This Article contributes a novel analysis to the literature on the categorical approach by juxtaposing the theoretical framework of nationwide uniformity with the political ideals of a federalist system of government. Building from the costs and benefits of each, the Article argues that there are unique paths forward that would restructure the categorical approach to solve its problem of nonuniformity. The first path prioritizes nationwide uniformity as a worthwhile and achievable pursuit. If either uniformity of application or outcomes is to be salvaged, the categorical approach must be redesigned to properly accommodate these uniformities. The most viable option to maximize both uniformities would be a conduct-based categorical approach. Such an approach would rely on the underlying criminal conduct of the offender’s state court conviction, and then determine if such conduct—regardless of whether it was committed in Missouri or Iowa—would fit within the federal elements of the enumerated crime. 37 See Evans, Punishing Criminals, supra note 36, at 666–67 (arguing that a conduct-based approach would solve nonuniformity between jurisdictions). By excising reliance on state law criminal elements, a conduct-based categorical approach will impose sanctions according to criminal conduct, which would mitigate nonuniformity that comes with state law variety. 38 Id.

But there is another path forward, one that recognizes that while a conduct-based categorical approach holds a greater likelihood of coming closer to uniformity than the current elements-based approach, it will not eliminate all disparity. And if perfect uniformity cannot be achieved, 39 See Amanda Frost, Overvaluing Uniformity, 94 Va. L. Rev. 1567, 1606 (2008) (arguing that the detriments of nationwide nonuniformity of federal law are overstated). the current elements-based categorical approach can be retained, albeit under a different justification. This Article argues that the practical and theoretical benefits of federalism can serve to justify the disparate application and outcomes of the elements-based categorical approach. Embracing the natural differences that arise within a federal system that accounts for and encourages differences in state law according to the preferences of that polity would justify the disparate treatment of criminal offenders who choose to violate the laws of that state, and must then accept the different costs that come with such state citizenship.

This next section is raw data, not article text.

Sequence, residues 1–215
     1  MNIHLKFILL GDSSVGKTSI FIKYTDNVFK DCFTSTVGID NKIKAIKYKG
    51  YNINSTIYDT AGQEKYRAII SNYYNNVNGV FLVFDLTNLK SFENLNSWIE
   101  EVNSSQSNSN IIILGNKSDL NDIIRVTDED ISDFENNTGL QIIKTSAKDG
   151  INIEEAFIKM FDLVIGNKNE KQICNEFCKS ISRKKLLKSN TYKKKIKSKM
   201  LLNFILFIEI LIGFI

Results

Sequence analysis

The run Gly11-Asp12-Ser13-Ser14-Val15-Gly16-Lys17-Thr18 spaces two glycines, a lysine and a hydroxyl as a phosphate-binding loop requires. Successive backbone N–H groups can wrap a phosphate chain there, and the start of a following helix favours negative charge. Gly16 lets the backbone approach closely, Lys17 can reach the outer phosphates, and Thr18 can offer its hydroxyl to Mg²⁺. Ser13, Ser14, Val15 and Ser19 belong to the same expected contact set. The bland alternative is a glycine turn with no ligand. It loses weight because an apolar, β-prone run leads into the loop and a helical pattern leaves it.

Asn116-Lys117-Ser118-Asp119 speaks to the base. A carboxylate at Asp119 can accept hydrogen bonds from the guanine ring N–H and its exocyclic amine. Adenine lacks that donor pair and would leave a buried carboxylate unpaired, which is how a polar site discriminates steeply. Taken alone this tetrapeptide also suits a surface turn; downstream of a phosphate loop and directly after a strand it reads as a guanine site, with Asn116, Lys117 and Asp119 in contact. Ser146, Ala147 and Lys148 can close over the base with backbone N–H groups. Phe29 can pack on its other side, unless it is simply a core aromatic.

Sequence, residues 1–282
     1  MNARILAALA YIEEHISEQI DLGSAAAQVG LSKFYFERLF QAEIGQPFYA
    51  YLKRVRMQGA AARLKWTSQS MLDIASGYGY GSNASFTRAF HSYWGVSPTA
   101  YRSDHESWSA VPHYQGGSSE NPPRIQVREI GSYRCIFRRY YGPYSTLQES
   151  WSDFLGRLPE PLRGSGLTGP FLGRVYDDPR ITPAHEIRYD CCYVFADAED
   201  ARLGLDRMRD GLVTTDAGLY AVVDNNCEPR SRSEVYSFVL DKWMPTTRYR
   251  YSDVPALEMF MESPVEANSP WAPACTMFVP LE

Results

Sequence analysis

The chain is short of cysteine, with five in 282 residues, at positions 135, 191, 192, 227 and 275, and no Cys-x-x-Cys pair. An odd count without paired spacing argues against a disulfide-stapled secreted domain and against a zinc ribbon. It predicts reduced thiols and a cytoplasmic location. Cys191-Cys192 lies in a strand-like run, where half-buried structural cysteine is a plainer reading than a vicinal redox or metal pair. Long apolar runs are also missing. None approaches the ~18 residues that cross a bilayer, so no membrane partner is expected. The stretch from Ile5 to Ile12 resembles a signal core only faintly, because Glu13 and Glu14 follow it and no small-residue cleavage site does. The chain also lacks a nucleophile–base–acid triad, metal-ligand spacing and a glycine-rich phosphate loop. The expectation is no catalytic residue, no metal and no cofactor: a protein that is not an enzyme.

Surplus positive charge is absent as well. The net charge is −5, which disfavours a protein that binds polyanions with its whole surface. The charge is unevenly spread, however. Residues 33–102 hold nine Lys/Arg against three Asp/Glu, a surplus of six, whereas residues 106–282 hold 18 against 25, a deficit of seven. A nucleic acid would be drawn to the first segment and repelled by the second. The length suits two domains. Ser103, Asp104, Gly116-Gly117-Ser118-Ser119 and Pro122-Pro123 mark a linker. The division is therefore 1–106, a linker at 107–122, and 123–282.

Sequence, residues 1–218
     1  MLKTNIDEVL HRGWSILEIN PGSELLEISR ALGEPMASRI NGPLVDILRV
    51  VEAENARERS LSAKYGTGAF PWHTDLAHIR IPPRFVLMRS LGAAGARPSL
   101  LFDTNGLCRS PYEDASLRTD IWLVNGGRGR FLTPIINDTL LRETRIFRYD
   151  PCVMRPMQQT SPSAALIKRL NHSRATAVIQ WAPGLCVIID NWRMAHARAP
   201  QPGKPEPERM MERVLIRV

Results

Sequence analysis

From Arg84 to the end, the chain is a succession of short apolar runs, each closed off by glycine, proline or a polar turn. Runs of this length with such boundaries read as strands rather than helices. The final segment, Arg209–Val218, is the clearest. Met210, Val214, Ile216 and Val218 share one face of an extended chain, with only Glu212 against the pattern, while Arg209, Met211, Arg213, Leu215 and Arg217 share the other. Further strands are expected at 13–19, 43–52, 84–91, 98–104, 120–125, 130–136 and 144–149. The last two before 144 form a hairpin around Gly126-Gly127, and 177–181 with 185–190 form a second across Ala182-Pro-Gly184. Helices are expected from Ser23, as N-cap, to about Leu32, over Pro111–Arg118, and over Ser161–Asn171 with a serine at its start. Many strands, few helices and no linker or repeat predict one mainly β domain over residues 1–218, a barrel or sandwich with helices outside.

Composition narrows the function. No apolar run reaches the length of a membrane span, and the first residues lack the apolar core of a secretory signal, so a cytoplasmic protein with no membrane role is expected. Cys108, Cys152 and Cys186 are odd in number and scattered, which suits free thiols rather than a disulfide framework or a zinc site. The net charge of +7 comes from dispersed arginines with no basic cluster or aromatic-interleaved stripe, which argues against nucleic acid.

This Article proceeds in Part I by focusing on the ACCA and the INA, two key areas in which applying the categorical approach has the greatest effect on defendants and the doctrine’s development. The examples illustrate how the differences in states’ criminal statutes trigger different applications of the categorical approach and, in turn, trigger different outcomes for similar criminal conduct. Part II serves as the primary contribution of the Article by examining how the categorical approach fails to uphold courts’ promises of uniformity. By comparing courts’ logic with that of the different underpinnings of uniformity in application and uniformity in outcomes, it becomes nearly impossible to achieve either uniformity under the current elements-based categorical approach. Part III presents potential remedies to the categorical approach by exploring several paths with different views on uniformity. First, if nationwide uniformity is an achievable goal, this Article argues that the best option is to transition to a conduct-based categorical approach that removes the disparities created by differences in state law. Uniformity might also be achieved with a separate-sovereign system, allowing federal sanctions to be imposed for only previous federal—not state—convictions. Second, if nationwide uniformity is to be abandoned, the elements-based categorical approach can be salvaged, but under the different theoretical and practical justifications that may come by embracing the benefits of having variety in state law under a federal system of government. Embracing nonuniformity also allows a novel analysis of tailoring the categorical approach, pursuing different approaches for different statutes to serve the unique policy goals of each. And finally, the challenges of salvaging uniformity, and possibly redesigning the categorical approach, require consideration of complete abolition of the doctrine altogether.